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There is no substitute for quality teaching and instruction; unfortunately, virtual and hybrid instructional settings result in limited face-to-face interactions between teachers and students. Consequently, teachers must maximize instructional opportunities to provide feedback to students and should employ formative assessment to gauge student understanding and inform future instruction.
Feedback yields a strong influence on student learning, with an effect size of .70 (Hattie, 2017). This effect size translates to a 26 percentile gain in student achievement. It’s important to remember that formative assessment presents a powerful opportunity for improving student outcomes. Below are several practical suggestions for providing formative feedback to students in hybrid and virtual learning settings.
Suggestion #1: Establish time for individual conferencing and remediation. As a complement to whole-group direct instruction, reserve time to meet with students one-on-one to provide individualized feedback about performance. In language arts, this time could be used to conference about what a student is reading and his or her comprehension of the material, or it could be used to discuss recommended edits and feedback about writing. Alternatively, in math, students could employ metacognitive strategies while explaining their thinking and showing how they solved a problem. Individual conferencing allows for the feedback to be both personalized and immediate for students. Additionally, it ensures the teacher can subsequently personalize future instruction based on individual student needs.
Suggestion #2: Employ a polling feature to obtain a quick snapshot of student understanding. Online polling provides an overview of what all students know and can be integrated seamlessly as a quick opening activity or exit ticket. Zoom, Google Meet, and other platforms include polling as an option for licensed users. By integrating a poll with immediate results, teachers can gauge overall understanding and also assess individual mastery. Additionally, polling provides instantaneous feedback to students about their own performance. Polling features are best designed as a quick check of understanding. A limitation of polling is that they are best designed for assessing lower cognitive tasks.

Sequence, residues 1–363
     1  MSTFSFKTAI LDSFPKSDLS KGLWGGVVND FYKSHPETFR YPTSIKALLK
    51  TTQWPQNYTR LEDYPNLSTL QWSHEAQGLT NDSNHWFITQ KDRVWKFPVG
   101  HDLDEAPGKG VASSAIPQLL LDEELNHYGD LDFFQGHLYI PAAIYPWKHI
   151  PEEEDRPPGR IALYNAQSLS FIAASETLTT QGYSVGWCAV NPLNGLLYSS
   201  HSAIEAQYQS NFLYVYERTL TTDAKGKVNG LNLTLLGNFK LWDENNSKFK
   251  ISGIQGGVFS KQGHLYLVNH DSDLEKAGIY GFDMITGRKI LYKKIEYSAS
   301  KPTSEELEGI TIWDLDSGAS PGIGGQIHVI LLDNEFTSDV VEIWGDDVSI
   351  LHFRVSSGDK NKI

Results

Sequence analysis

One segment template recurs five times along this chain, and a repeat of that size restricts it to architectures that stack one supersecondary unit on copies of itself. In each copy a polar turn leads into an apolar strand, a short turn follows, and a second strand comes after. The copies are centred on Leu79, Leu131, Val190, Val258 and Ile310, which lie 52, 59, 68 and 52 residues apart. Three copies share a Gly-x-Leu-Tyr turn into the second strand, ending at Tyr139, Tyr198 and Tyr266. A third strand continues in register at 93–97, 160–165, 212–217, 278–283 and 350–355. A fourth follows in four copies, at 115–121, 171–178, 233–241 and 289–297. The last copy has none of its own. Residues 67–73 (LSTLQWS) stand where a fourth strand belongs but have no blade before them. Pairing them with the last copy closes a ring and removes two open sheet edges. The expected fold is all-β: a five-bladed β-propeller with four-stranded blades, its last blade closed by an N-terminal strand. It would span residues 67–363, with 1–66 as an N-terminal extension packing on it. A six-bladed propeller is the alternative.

Suggestion #3: Use low-tech assessment strategies. Even in a virtual classroom, do not automatically deviate from tried and true strategies for measuring student learning. For instance, you can use white boards to see student work and responses for simple response activities, but keep in mind this may be better suited for small group settings or individual conferencing sessions. Additionally, students can use thumbs up/down to show their agreement. All instructional activities do not necessitate a high-level of technical expertise, even if the instruction is virtual.
Suggestion #4: Provide comments and feedback on student work submissions. When assessing and reviewing student work, consider using a comment feature to provide qualitative feedback about student performance. Students can upload or submit pictures or PDFs of their work. Providing comments and responses to student submissions contributes more substantially to the cyclical nature of learning, as opposed to assignments that are simply graded for accuracy. As a comparison, multi-choice assignments are more efficient to grade but do not provide insight into student thinking and limit the opportunities for teacher feedback. Remember: It isn’t the assignment, alone, that is valuable for students: It’s the feedback on the assignment that provides specific guidance for improvement.